The Senate legislation fining Massachusetts drivers for talking on a cellphone without a hands-free device constitutes another step toward a necessary law. Ultimately, of course, driver safety is up to drivers.

Accident statistics attest to the dangers of driving while holding a cellphone to one's ear, as did the testimony on Beacon Hill of the family members of victims. The Senate legislation calls for hefty fines for violators up to $500 for a third and subsequent offense and requires taking a distracted-driving class with each offense. The House has passed a similar ban and Governor Baker has indicated his willingness to sign off on the legislation.

The law would have the dual benefit of helping law enforcement officers who currently must attempt to make the difficult distinction between a driver who is talking on a cellphone, which is now legal, and texting, which was made illegal. When both are illegal, drivers not using hand-held devices can be pulled over and subjected to fines.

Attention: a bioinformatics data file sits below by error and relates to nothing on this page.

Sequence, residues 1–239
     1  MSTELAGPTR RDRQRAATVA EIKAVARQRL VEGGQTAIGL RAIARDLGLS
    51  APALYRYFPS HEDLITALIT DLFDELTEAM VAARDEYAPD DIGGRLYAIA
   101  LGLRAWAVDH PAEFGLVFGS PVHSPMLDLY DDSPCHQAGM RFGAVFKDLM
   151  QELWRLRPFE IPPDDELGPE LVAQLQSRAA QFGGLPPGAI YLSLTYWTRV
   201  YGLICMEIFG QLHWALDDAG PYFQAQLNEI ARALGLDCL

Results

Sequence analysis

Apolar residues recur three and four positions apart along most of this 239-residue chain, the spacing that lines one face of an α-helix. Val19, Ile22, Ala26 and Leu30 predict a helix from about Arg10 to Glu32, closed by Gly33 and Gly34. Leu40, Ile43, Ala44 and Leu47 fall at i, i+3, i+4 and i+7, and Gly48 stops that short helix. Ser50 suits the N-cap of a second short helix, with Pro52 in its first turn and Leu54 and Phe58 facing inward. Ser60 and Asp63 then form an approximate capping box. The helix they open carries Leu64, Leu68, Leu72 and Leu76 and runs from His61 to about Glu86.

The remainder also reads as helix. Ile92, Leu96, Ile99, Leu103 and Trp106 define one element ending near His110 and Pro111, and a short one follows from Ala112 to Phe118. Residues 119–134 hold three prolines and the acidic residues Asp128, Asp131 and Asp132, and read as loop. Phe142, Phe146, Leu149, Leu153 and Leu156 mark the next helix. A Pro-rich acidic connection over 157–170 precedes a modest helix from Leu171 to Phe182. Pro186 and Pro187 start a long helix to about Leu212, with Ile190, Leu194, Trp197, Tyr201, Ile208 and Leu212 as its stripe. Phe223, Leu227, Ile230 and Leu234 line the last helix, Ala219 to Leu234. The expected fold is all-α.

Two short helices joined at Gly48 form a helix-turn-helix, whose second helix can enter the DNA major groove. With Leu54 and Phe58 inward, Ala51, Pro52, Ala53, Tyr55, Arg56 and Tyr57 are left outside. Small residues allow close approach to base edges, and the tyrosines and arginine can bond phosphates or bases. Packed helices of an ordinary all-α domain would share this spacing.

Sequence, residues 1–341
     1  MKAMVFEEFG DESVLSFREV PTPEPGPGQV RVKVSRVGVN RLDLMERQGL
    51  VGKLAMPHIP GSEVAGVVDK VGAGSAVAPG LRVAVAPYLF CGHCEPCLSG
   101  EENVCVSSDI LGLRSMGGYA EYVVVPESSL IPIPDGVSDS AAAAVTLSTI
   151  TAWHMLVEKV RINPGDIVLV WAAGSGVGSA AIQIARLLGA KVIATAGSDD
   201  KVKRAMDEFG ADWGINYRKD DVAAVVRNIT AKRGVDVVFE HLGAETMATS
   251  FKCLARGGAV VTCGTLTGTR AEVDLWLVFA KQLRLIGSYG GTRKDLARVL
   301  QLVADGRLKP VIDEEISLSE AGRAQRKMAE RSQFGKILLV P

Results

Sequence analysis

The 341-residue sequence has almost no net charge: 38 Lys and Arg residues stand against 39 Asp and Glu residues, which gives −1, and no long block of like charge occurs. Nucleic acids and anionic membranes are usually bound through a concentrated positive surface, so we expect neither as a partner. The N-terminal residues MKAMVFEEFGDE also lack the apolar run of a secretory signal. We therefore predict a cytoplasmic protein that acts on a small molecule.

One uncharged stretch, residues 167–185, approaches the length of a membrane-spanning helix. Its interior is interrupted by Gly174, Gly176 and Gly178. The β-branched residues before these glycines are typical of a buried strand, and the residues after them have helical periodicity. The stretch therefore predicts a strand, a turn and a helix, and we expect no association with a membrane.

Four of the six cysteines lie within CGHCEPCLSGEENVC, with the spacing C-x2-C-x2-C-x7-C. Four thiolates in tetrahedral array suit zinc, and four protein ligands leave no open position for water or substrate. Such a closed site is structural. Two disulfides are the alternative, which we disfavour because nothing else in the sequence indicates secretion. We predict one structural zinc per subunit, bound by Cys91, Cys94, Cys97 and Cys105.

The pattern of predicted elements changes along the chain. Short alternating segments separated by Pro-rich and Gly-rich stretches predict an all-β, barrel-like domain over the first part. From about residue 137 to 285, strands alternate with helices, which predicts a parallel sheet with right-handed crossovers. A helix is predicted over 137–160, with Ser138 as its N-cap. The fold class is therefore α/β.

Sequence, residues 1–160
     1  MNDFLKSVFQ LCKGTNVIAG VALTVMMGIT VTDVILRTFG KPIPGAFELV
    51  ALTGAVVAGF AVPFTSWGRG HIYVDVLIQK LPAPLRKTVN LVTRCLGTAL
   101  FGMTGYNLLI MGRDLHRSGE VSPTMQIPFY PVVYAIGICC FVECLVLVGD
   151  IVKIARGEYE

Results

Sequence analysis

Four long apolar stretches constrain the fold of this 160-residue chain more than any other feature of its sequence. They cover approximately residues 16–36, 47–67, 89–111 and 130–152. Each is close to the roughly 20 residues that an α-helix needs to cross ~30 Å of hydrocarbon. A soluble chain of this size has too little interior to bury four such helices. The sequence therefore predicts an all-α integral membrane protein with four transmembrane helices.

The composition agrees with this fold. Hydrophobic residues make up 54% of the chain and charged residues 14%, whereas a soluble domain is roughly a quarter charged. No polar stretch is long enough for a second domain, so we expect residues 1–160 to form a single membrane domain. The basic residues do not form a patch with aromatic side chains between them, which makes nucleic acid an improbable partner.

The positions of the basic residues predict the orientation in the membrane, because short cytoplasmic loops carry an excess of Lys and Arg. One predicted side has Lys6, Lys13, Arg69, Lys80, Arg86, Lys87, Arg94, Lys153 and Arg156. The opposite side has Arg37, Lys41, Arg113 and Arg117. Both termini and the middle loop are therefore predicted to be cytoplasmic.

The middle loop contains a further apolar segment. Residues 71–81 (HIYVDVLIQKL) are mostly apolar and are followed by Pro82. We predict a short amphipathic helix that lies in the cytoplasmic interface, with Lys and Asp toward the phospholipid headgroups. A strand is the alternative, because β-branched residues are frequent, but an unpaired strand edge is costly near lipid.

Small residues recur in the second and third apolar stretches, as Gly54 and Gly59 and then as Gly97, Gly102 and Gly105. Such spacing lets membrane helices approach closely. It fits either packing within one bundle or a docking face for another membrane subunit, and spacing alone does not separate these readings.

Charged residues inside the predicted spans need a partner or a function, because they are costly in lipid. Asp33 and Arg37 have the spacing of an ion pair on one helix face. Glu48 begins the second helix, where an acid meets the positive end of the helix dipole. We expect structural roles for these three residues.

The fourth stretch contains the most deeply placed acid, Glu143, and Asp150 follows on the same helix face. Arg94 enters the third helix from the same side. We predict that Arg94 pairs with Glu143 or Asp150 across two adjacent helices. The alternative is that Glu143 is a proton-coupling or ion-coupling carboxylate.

While AAA has endorsed the legislation, Mary Maguire, director of public and legislative affairs for AAA Northeast, cautioned lawmakers at a hearing on the Senate bill Thursday that "hands-free is not risk-free." The phone conversation itself, observed Ms. Maguire, is a "potent distraction" for the driver.


Cars and trucks today are being made safer and "smarter," but they are also equipped with increasing number of distracting high-tech devices, many of them entertainment related. It is up to drivers to limit those distractions, which means using a cellphone, even with a hand-held device in ideally the near future, only when absolutely necessary.

State and federal laws can and should be passed to make the roads safer, but they will only work if drivers not only obey the laws but drive responsibly and courteously regardless of the laws they are required to follow. Better driving will benefit everyone on our roadways.